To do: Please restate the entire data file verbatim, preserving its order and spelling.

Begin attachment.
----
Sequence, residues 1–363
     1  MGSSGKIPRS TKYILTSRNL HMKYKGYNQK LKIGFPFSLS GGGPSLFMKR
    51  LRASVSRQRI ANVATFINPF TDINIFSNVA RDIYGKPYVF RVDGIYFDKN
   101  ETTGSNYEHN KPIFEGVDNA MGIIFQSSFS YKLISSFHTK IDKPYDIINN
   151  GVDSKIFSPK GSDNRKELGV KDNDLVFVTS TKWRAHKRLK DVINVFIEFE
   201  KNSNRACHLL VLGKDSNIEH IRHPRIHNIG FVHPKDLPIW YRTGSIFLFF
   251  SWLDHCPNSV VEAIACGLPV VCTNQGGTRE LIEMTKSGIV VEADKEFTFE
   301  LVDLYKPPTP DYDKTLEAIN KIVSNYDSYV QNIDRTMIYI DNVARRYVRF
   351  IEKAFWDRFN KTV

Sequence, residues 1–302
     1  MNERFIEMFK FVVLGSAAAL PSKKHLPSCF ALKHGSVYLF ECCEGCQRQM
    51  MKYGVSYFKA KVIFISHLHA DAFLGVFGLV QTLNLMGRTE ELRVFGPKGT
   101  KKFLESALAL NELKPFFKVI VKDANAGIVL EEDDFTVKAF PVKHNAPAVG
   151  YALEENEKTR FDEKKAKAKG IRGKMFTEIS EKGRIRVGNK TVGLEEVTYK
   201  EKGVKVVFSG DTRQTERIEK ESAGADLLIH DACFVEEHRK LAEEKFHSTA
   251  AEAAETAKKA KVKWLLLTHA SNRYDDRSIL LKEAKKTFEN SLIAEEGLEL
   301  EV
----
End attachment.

Sequence, residues 1–363
     1  MGSSGKIPRS TKYILTSRNL HMKYKGYNQK LKIGFPFSLS GGGPSLFMKR
    51  LRASVSRQRI ANVATFINPF TDINIFSNVA RDIYGKPYVF RVDGIYFDKN
   101  ETTGSNYEHN KPIFEGVDNA MGIIFQSSFS YKLISSFHTK IDKPYDIINN
   151  GVDSKIFSPK GSDNRKELGV KDNDLVFVTS TKWRAHKRLK DVINVFIEFE
   201  KNSNRACHLL VLGKDSNIEH IRHPRIHNIG FVHPKDLPIW YRTGSIFLFF
   251  SWLDHCPNSV VEAIACGLPV VCTNQGGTRE LIEMTKSGIV VEADKEFTFE
   301  LVDLYKPPTP DYDKTLEAIN KIVSNYDSYV QNIDRTMIYI DNVARRYVRF
   351  IEKAFWDRFN KTV

Sequence, residues 1–302
     1  MNERFIEMFK FVVLGSAAAL PSKKHLPSCF ALKHGSVYLF ECCEGCQRQM
    51  MKYGVSYFKA KVIFISHLHA DAFLGVFGLV QTLNLMGRTE ELRVFGPKGT
   101  KKFLESALAL NELKPFFKVI VKDANAGIVL EEDDFTVKAF PVKHNAPAVG
   151  YALEENEKTR FDEKKAKAKG IRGKMFTEIS EKGRIRVGNK TVGLEEVTYK
   201  EKGVKVVFSG DTRQTERIEK ESAGADLLIH DACFVEEHRK LAEEKFHSTA
   251  AEAAETAKKA KVKWLLLTHA SNRYDDRSIL LKEAKKTFEN SLIAEEGLEL
   301  EV